SALEM, Ore. - The Oregon Senate voted Thursday to name the Oregon portion of Interstate 84 as the Vietnam Veterans Memorial Freeway.
Senate Bill 461 instructs the Oregon Department of Transportation to place signs honoring veterans of the Vietnam War along I-84 from Portland to Ontario. The bill passed 28-0, with 2 excused.
"Over 57,000 Oregonians served our country during the Vietnam War, and today over 118,000 veterans of that war live in Oregon," said Senator Laurie Monnes Anderson (D-Gresham). "Giving them the recognition of I-84 honors their sacrifice and will let them know that Oregon is grateful for their service."
If SB 461 passes into law, Oregon State Council of Vietnam Veterans of America will pay for the creation and installation of the ‘Vietnam Veterans Memorial Freeway' signs throughout the length of I-84 in Oregon.
"As a Vietnam veteran, I know how meaningful it is to have a significant highway like I-84 bear a tribute to my fellow veterans," said Senator Alan Bates (D-Medford). "When Vietnam veterans are driving home from work or visiting the beautiful Columbia River Gorge, these signs will say to them: ‘Welcome home'."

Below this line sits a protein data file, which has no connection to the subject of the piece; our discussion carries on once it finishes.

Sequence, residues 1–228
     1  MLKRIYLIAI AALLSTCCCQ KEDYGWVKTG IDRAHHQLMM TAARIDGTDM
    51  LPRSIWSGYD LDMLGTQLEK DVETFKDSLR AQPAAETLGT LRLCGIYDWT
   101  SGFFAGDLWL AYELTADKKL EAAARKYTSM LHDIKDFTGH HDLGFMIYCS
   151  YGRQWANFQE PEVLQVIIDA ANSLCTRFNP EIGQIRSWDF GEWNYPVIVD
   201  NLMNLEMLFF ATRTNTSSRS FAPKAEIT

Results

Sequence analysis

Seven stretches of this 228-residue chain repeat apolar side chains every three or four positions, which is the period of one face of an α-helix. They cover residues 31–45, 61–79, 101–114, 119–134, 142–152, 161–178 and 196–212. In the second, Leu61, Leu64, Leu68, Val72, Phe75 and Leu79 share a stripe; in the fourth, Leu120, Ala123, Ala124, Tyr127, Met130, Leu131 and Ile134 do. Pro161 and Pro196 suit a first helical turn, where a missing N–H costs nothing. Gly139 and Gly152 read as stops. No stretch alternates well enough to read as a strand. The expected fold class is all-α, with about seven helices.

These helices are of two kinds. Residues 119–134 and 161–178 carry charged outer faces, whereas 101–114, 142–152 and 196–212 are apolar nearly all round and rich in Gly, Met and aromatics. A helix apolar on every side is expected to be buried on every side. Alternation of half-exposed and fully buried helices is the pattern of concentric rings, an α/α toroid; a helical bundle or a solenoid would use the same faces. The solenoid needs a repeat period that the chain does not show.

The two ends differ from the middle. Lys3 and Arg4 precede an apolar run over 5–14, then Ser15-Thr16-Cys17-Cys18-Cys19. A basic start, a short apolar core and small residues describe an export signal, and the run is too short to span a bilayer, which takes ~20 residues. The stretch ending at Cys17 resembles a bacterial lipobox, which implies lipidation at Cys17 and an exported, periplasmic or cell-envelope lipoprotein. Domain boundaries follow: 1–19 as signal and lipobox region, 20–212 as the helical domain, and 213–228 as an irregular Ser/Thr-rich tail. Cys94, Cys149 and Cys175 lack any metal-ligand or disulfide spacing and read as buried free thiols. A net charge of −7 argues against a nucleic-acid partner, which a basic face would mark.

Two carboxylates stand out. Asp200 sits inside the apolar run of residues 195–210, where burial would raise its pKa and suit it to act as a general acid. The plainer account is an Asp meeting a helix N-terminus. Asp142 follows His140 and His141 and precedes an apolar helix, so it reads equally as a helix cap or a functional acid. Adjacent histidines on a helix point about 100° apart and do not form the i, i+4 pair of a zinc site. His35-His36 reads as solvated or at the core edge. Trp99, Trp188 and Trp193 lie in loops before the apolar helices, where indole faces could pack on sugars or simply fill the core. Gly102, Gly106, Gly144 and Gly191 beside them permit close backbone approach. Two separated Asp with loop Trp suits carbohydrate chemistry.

Thirty-three other states have officially designated highways that specifically honor Vietnam veterans. Interstate 205 is also known as the War Veterans Memorial Freeway, but there is no freeway in Oregon specifically designated for Vietnam veterans.
"Designating this highway in honor of our Vietnam veterans will be a reminder of the important role our veterans have played in preserving our freedoms, including those we take for granted like our freedom to drive across Oregon and our nation on the best highway system in the world," said Senate President Peter Courtney (D-Salem/Gervais/Woodburn), a sponsor of the bill.
Senate Bill 461 now heads to the Oregon House.
"It was an honor for me to draft the bill," said Bend veterans activist Dick Tobiason, a Vietnam War veteran. He said he modeled the legislation after the successful bill that named Highway 97 the World War II Veterans Historic Highway to mark its role during that war, connecting such places as Camp Abbot, the Army training camp at what is now known as Sunriver.
Tobiason told KTVZ.COM Thursday he's working on extending the highway designation on I-84 into Idaho and Utah, 750 miles in total.